Energy: Uniper applies for further KfW billions

The ailing energy group Uniper is demanding more financial aid in view of high gas prices and increasing delivery restrictions.

Energy: Uniper applies for further KfW billions

The ailing energy group Uniper is demanding more financial aid in view of high gas prices and increasing delivery restrictions.

For further stabilization, the company has applied for an increase of the KfW credit facility by 4 billion euros, Uniper announced on Monday in Düsseldorf.

With the 2 billion euros received on Monday, the existing credit line of 9 billion euros from the state-owned KfW bank has now been fully exhausted, it said. The Group is not only burdened by the higher purchase prices, but also in particular by the securities to be deposited on the energy exchanges.

Uniper supplies over 100 municipal utilities

Uniper applied for state aid in July and was promised it two weeks later. The KfW credit line is part of the agreed rescue package. Due to the throttling of Russian deliveries via the Nord Stream 1 Baltic Sea pipeline, the Düsseldorf-based group has to buy gas more expensively on the market in order to fulfill contracts. In addition, Uniper has to provide security for a large proportion of the quantities procured on the spot market. Both lead to liquidity problems. The group plays a central role in the German energy supply and supplies more than 100 municipal utilities and industrial companies.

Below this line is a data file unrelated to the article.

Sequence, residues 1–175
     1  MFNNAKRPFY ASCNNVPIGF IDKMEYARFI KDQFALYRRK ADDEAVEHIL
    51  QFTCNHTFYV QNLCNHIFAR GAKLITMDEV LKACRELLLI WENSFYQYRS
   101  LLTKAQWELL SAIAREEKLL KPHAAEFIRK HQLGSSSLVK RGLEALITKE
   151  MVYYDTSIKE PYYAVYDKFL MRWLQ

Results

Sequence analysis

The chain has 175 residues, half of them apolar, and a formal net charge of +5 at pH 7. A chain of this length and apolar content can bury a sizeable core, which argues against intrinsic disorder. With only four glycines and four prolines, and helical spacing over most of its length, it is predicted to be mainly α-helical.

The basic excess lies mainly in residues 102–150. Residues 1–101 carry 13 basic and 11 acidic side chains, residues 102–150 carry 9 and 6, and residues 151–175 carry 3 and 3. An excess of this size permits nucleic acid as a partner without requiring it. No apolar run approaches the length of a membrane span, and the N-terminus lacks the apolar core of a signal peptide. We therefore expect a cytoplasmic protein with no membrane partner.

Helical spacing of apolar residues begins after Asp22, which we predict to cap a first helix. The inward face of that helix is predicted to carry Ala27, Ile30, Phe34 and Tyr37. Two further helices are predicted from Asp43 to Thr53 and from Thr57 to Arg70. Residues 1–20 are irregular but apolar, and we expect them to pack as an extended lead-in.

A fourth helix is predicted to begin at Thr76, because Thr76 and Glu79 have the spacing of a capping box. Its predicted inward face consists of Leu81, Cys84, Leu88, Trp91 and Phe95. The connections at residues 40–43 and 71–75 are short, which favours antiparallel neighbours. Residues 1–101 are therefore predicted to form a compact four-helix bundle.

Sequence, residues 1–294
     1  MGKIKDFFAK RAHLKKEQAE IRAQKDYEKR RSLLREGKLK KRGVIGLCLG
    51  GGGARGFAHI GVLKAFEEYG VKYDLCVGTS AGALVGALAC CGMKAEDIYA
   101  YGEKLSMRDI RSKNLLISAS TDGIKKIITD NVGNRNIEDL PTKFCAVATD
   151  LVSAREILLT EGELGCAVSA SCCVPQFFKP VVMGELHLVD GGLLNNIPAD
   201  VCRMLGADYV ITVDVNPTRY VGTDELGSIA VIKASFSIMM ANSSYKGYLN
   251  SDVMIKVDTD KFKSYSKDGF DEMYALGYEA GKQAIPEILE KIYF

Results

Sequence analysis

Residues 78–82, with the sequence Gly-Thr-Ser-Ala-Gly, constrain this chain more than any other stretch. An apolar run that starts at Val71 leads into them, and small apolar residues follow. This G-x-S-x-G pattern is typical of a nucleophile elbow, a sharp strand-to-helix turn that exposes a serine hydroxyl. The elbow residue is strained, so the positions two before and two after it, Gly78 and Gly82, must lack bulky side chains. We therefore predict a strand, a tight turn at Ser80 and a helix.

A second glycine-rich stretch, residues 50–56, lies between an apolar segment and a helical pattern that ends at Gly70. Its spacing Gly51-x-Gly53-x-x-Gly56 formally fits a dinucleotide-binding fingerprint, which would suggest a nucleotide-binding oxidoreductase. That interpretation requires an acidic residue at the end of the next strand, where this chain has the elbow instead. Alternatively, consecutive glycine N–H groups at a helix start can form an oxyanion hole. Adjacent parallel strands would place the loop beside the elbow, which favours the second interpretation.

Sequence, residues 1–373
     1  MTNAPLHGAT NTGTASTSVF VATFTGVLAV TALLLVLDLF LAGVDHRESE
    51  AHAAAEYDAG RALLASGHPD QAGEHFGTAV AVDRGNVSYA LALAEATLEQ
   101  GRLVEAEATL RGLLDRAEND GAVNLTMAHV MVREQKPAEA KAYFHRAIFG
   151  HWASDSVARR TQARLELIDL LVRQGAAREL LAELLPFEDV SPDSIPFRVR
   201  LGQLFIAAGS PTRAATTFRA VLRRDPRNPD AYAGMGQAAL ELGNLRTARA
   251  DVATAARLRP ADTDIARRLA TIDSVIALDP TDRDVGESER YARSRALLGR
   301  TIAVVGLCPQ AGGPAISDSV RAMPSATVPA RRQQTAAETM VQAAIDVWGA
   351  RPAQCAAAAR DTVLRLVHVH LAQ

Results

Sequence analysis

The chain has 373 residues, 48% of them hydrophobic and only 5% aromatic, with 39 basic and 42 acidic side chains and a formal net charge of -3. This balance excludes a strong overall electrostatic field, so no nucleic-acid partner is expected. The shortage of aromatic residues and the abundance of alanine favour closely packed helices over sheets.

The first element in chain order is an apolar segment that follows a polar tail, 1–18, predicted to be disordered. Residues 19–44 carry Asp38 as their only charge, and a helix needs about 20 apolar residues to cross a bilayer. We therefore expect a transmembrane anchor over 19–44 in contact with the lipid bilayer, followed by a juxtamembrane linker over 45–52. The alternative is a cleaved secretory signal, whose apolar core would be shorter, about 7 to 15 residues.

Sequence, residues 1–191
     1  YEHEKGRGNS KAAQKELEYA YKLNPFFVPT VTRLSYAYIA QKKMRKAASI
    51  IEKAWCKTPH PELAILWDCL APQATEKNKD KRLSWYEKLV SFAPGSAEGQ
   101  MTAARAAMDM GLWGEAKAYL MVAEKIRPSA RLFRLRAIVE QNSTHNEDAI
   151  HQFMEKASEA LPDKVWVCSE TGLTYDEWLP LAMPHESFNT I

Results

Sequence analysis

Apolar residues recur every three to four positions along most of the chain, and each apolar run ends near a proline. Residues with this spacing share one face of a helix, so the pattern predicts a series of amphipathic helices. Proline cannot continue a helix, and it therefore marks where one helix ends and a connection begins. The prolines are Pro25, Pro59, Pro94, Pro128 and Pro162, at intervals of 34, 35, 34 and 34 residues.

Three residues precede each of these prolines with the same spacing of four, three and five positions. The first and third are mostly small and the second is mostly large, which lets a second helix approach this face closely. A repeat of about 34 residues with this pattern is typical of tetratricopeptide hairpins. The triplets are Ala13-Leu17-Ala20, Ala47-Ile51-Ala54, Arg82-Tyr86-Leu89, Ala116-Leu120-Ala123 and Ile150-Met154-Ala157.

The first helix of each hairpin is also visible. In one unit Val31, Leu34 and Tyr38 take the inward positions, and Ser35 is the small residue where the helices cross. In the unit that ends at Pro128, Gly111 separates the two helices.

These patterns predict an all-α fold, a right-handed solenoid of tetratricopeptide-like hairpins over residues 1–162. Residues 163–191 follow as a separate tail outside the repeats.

"As long as energy prices in Europe rise, the need for liquid funds will also increase," said Uniper boss Klaus-Dieter Maubach on Monday, according to the announcement. When the half-year figures were presented in mid-August, Uniper had only drawn on 5 billion euros of the KfW credit line - less than two weeks later this has now been exhausted.

The KfW loans are only intended to bridge Uniper's financial needs until the group can pass on the majority of its increased costs to its customers from October 1 through the gas levy. The group is working together with the federal government "at high pressure" on a permanent solution to the emergency, it said on Monday.

Uniper's parent company Fortum is now in talks about possible financial aid with the Finnish state, which holds more than 50 percent in Fortum. Fortum currently owns 78 percent of Uniper. The group still has sufficient funds to meet the current requirements, Fortum said on Monday morning in Helsinki. However, the company is also in talks with the Finnish state about how the liquidity requirements can be secured in the event of further sharp increases in energy prices.

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